If you’re in the process of getting an MBA and you’ve never heard of Seth Godin, please, please, please, go read his bio. Then, go take a look at this infographic comparing Seth Godin and Guy Kawasaki. (You know who Guy is, right?) With that being said, I’ve included a blog post from Seth for today’s “drop.”
How to Run a Problem-Solving Meeting — Seth Godin’s Blog
This is a special sort of get together, similar to the meeting where you organize people to figure out the best way to take advantage of an opportunity. In both cases, amateurs usually run the meetings, and the group often fails to do their best work.
Ignore these rules at your peril:
- Only the minimum number of people should participate. Don’t invite anyone for political reasons. Don’t invite anyone to socialize them on the solution because they were part of inventing it–people don’t need to be in the kitchen to enjoy the meal at the restaurant.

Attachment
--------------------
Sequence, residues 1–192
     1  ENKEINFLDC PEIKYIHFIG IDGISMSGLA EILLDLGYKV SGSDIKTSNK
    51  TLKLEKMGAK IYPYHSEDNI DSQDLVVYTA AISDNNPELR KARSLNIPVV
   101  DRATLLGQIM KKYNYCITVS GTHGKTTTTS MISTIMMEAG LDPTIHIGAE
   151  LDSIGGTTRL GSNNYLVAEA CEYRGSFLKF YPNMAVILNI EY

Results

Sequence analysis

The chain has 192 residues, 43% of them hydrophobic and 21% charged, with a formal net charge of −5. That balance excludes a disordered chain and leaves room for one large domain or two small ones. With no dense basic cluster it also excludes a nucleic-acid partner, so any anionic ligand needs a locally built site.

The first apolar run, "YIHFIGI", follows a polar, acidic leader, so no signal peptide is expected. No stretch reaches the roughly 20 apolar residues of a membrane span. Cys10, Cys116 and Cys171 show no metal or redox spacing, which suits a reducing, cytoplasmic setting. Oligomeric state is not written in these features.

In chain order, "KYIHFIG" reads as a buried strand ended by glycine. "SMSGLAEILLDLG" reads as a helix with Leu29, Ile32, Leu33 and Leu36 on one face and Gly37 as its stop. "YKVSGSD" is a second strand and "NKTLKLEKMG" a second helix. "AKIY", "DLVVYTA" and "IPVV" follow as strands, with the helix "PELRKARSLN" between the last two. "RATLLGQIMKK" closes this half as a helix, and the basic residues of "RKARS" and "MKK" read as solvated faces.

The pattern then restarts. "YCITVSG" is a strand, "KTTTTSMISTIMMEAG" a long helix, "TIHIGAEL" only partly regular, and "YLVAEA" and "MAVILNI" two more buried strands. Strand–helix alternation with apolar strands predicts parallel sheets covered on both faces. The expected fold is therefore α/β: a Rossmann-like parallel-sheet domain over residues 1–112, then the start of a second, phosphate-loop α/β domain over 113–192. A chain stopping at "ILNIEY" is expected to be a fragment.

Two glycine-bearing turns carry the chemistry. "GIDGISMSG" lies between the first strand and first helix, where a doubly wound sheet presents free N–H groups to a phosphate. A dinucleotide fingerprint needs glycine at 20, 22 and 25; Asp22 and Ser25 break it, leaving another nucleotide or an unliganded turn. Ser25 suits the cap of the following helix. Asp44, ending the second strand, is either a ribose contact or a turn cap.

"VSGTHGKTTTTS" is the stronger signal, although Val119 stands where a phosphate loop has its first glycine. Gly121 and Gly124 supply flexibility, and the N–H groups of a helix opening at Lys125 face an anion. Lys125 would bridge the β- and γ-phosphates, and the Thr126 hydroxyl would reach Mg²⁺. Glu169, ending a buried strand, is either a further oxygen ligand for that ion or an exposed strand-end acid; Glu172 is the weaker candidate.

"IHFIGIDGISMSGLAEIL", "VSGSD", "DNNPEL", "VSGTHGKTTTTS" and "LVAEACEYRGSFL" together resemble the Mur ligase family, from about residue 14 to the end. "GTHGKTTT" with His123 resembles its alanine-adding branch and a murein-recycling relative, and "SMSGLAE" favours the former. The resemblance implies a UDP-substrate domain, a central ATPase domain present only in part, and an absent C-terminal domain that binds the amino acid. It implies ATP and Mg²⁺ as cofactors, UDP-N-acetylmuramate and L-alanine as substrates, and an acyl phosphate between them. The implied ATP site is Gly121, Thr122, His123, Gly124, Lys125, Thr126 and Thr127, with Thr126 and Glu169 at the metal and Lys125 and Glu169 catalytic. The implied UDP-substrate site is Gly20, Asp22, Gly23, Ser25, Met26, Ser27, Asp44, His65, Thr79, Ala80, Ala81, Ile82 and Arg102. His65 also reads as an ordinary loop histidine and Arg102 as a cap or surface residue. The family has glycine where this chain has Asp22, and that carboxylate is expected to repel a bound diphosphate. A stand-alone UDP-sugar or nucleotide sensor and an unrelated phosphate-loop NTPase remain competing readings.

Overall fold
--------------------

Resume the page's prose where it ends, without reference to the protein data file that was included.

- No one participating by conference call… it changes the tone of the proceedings.
- A very structured agenda to prevent conversation creep. You are only here to do one thing.
- All the needed data provided to all attendees, in advance, in writing.
- At least one person, perhaps the host, should have a point of view about what the best course is, but anyone who comes should only be invited if they are willing to change their position.
- Agree on the structure of a deliverable solution before you start.
- Deliver on that structure when you finish.